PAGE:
Creating Scientific Illustrations




11-15 February, 2019


Registration is closed


Do you want to use illustrations as an effective communication tool? Learn the essentials of graphic design and visual communication theory, drawing by hand, and drawing digitally during this one week course with Pina Kingman.

Course description

Explaining scientific research, including your PhD research, is an essential process, but it is not always an easy task. Being able to translate complex research into information that can be understood by a wide range of audiences is an important skill that will help you throughout your career. Not only will this help you understand your own work better, but it will give you the tools to be able to explain your work to others. Clearly this is important during your defence, but it will be important later too; funding bodies require creative outreach solutions, publishers demand pictures to go along with scientific articles, and parents DO like to know what their kids have been doing these past few years!

Amongst the many effective communication tools at our disposal, illustration is an ideal option. Visually representing your work gives your audience an additional perspective. Illustrations tell stories in ways that text cannot, and therefore makes complex information more accessible. Illustration itself is also a relatively low-cost, time effective option that can be distributed easily.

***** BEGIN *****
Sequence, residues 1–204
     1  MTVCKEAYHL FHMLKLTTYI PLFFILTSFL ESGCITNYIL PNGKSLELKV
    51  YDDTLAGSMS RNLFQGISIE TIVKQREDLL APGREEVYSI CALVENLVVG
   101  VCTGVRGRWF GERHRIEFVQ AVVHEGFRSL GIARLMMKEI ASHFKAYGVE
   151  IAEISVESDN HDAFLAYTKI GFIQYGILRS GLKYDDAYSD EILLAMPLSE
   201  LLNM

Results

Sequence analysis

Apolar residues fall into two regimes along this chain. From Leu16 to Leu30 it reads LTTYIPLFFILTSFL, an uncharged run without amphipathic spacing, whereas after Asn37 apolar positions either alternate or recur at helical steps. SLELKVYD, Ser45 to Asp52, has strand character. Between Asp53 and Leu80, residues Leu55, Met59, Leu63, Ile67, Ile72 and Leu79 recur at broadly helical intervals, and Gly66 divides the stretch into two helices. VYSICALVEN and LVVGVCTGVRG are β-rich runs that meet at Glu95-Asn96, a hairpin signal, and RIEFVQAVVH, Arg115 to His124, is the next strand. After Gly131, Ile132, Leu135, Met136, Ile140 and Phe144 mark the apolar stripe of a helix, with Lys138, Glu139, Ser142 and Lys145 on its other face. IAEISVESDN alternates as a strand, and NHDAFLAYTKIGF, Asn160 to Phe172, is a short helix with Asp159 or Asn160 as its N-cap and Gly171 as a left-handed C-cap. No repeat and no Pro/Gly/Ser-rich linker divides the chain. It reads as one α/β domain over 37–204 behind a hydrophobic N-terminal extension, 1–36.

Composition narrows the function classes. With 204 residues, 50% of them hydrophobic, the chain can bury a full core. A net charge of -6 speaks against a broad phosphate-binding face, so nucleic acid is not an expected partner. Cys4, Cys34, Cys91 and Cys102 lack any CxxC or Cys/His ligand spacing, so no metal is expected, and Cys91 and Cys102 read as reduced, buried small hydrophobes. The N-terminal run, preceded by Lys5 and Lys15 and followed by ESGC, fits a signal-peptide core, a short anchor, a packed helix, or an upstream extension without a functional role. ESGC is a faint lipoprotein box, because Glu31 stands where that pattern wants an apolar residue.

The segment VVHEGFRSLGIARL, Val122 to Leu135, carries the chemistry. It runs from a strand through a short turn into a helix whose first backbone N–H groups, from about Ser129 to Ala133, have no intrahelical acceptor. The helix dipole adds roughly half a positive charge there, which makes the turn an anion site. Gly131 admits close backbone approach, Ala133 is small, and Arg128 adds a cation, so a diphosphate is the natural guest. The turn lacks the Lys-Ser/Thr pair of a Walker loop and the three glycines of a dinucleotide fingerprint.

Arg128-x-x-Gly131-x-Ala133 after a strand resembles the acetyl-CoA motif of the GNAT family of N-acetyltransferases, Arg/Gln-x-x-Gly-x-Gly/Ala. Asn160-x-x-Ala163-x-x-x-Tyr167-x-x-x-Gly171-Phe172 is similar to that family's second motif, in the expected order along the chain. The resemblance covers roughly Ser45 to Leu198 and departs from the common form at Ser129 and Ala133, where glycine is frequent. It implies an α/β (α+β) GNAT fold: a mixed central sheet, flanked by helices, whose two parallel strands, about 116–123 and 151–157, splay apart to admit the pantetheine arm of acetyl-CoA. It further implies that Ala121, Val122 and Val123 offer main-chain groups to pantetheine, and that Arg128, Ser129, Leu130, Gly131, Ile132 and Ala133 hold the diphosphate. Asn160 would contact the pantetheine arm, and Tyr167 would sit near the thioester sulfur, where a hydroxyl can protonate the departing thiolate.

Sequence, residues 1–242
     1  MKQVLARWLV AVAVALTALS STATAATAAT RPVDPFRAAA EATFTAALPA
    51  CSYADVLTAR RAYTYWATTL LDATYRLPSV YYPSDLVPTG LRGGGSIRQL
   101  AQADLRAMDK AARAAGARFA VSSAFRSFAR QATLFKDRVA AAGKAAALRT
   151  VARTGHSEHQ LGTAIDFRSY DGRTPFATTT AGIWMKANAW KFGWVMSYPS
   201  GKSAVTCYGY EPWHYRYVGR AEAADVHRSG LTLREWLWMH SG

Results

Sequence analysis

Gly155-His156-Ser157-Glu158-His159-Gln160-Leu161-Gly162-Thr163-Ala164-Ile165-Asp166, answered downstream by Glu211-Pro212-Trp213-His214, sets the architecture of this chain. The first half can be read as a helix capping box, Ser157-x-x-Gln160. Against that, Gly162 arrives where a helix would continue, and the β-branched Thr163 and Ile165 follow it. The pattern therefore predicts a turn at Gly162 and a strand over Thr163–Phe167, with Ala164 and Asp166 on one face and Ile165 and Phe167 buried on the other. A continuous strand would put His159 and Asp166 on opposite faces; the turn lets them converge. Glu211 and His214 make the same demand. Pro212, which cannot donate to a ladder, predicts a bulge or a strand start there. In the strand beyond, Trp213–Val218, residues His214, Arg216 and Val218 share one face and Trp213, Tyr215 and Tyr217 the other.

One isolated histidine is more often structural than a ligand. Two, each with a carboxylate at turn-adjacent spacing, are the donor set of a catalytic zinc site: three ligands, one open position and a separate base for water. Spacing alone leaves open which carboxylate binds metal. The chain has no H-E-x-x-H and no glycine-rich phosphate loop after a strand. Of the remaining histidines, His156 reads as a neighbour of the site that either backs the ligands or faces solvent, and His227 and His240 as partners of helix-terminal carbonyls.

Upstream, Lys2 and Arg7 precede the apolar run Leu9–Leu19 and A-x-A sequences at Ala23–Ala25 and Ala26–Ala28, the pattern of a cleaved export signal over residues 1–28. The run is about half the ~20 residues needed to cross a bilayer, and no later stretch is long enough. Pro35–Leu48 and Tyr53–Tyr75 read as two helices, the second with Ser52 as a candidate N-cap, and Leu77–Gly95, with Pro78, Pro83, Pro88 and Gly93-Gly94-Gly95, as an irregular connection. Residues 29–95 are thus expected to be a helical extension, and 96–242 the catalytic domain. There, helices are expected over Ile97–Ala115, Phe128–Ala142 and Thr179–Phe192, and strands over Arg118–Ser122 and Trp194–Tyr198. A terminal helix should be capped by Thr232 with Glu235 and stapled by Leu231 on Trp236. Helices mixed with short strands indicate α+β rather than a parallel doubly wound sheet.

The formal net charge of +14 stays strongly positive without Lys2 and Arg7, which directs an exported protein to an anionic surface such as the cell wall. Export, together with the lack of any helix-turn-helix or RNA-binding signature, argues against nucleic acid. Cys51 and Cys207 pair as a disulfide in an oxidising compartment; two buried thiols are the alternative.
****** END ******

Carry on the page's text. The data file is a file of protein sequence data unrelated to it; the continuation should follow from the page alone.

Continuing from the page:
But with many different factors to consider, like aesthetics, technical ability, and storytelling, it is easy to see that distilling an entire PhD into one image can be a daunting task. During this course, Pina Kingman will give you practical tools to translate your research into a digital illustration. You will learn the essentials of graphic design and visual communication theory, drawing by hand and drawing digitally. We will combine these new theoretical and technical skills to create a digital illustration from your PhD research.

Course work

To pass the course, students must hand in the following:

  • Digital Illustration, either Black & White or Colour, RBG colour profile, 150 dpi, JPEG file format.
  • Brief description of the design principles used, aim for half a page of text.
  • Photographs of sketches and work in progress.

Course teacher


Pina Kingman is an award-winning animator and filmmaker, focusing on telling scientific and medical stories so that the information is accessible to any audience. In addition to teaching scientific illustration courses to young scientists, She is developing art exhibitions, film screenings and public talks with the intention to inspire the general public to take an interest in science. Overall, Pina hopes to help make science-education a little less daunting and a bit more fun.


This course is a collaboration between the following national research schools:


Contact the coordinator, Liv E. Falkenberg.

Published Oct. 12, 2020 4:00 PM - Last modified Nov. 11, 2020 8:19 PM